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An incredible number of machines for a huge variety of uses

Brazilian Farmer visits Agritechnica


Every two years, many thousands of international farmers visit Agritechnica exhibiting which takes place in Hanover, Germany every two years. In 2013, Brazilian farmer Richard Dijkstra made his first visit to the event, and it is with a contagious enthusiasm that he describes his experience.

“Back in Brazil, I told to my father I saw machines I had never imagined would exist – not even in my dreams,” he says. “What surprised me most was the incredible number of machines for a huge variety of uses; there was technology for every task you might want.”

One of Brazil’s leading farmers, Dijkstra is the owner of a 1400-hectare business. He and his family produce soybeans, maize, beans, wheat, barley and oats; run a dairy herd yielding 20,000 liters of milk every day; and have a breeding herd of 380 sows. Everything is planned with accurate management and with care for the environment.

Precision agriculture

The innovations that Richard Dijkstra is most fascinated by are already part of his farm, which is located at Caramel, in the south of Brazil. The unit is well known, and back in 2007 was named the best farm in Brazil by business magazine Exame.

Among other technologies, Dijkstra applies precision agriculture techniques in his crops in order to reduce costs and avoid fertilizer loss – a technology not yet broadly used in the country.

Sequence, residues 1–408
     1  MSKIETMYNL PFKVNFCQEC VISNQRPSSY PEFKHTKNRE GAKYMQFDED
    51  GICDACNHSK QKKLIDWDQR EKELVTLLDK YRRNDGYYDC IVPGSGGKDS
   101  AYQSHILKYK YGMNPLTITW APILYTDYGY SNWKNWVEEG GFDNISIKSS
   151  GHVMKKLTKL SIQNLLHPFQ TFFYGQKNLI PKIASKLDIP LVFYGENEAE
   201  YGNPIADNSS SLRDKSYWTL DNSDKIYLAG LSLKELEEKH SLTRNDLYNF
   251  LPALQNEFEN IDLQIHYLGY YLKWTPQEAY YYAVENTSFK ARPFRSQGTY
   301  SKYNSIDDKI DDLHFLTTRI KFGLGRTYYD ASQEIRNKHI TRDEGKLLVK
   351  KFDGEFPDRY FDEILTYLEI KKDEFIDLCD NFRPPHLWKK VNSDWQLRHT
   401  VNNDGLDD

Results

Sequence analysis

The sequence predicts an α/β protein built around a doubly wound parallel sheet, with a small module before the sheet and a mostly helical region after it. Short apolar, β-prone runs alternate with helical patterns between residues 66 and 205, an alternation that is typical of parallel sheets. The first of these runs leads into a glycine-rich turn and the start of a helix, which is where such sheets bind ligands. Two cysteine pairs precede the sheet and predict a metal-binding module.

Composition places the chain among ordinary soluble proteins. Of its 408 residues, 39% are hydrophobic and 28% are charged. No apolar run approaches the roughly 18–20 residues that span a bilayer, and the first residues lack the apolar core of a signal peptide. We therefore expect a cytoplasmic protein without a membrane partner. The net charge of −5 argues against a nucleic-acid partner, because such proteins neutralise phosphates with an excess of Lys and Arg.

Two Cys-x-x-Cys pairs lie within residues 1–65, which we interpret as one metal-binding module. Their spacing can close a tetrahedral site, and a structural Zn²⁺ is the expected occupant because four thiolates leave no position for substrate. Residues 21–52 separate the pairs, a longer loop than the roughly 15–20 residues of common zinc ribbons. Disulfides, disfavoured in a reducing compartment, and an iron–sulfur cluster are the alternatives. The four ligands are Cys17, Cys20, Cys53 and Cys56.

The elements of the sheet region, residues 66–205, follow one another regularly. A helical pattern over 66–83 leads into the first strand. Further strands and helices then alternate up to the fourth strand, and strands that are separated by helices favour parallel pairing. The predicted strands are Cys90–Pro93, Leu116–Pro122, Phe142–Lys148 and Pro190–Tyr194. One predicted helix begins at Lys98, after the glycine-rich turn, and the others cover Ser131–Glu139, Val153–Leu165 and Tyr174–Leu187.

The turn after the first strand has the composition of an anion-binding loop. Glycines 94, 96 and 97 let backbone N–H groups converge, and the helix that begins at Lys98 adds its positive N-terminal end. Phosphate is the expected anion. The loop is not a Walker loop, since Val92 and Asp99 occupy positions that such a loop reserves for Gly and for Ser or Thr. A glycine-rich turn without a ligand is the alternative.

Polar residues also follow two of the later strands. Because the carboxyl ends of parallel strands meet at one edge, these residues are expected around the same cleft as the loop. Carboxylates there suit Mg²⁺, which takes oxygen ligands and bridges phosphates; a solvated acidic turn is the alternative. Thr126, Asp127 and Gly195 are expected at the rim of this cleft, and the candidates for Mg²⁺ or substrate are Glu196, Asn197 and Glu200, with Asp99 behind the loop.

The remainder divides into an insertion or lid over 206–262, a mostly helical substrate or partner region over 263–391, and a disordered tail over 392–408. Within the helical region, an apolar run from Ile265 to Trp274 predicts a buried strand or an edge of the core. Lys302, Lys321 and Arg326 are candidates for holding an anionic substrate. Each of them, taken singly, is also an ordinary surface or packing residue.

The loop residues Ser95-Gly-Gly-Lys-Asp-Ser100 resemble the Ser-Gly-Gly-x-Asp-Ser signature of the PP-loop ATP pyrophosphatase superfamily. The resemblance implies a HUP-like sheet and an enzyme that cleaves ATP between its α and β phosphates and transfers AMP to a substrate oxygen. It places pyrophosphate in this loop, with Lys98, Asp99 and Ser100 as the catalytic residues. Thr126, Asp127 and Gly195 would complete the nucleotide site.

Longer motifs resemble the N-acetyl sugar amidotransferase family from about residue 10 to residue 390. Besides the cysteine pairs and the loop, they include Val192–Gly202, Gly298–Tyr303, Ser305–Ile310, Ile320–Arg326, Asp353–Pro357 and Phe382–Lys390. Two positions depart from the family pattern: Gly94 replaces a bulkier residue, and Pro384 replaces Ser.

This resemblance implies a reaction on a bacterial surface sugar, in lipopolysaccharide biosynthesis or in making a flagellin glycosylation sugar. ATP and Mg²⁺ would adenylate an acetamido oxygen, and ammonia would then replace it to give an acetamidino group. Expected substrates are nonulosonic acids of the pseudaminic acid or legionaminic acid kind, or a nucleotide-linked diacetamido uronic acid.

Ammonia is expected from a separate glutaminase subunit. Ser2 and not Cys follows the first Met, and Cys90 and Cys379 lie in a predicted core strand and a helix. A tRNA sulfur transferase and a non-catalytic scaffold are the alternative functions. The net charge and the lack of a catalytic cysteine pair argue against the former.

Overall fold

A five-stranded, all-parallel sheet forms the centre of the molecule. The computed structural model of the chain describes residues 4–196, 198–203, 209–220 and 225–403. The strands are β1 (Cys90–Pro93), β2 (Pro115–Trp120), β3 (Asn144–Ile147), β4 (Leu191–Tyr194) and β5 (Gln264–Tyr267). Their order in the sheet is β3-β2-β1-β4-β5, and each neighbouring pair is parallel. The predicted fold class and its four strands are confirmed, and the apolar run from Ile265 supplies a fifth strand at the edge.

“Precision agriculture is growing in Brazil, but I think there is a lack of information on the concept,” he says. “The investment costs scare many farmers initially, and besides that, many of them have had good profitability recent years, bringing them a feeling of no need to invest.“In the long run, however, precision agriculture generates many benefits and increases productivity.”

Born with innovation

Finding solutions through innovation is a tradition of the family. Richard Dijkstra’s father, Franke, migrated from the Netherlands to Brazil in 1947, and was one of the first farmers in the country to use no-till farming. He adopted the practice in 1976 to fight soil erosion, and since then more than 30 million hectares of land have been switched to cultivation under zero-tillage systems.

Dijkstra emphasizes that many solutions he saw at Agritechnica 2013 could be used by small-scale farmers in Brazil with units from 10 to 100 hectares.

“There are so many machines that could simplify their work or increase profitability,” he says. “For instance, I saw a straw chopper that that uniformly distributes the straw across the whole cutterbar width, and a tractor fueled by methane, which means you can produce fuel on your own farm with a biodigester.”

Asked if he is planning to visit Agritechnica 2015, Dijkstra reveals that November is a good time for him to get away from the farm.

“The soya harvest will be done, then I can leave the fields for a short break and see the amazing innovations of Agritechnica,” he says. “Travel widens our horizons!”

Many international visitors

And Richard Dijkstra won’t be alone in travelling a significant distance to the event, which takes place at the largest exhibitions Grounds in the world in Hanover, Germany. Nearly a quarter of the 450,000 visitors that attended in 2013 came from outside Germany, and 8,900 of these were from North, Central or South America.

With close to 2800 exhibitors from about 50 countries expected to book stands at the exhibition, Agritechnica 2015 – which takes place from 10 to 14 November – will once again be the world’s leading trade fair for agricultural machinery and equipment.

Source: DLG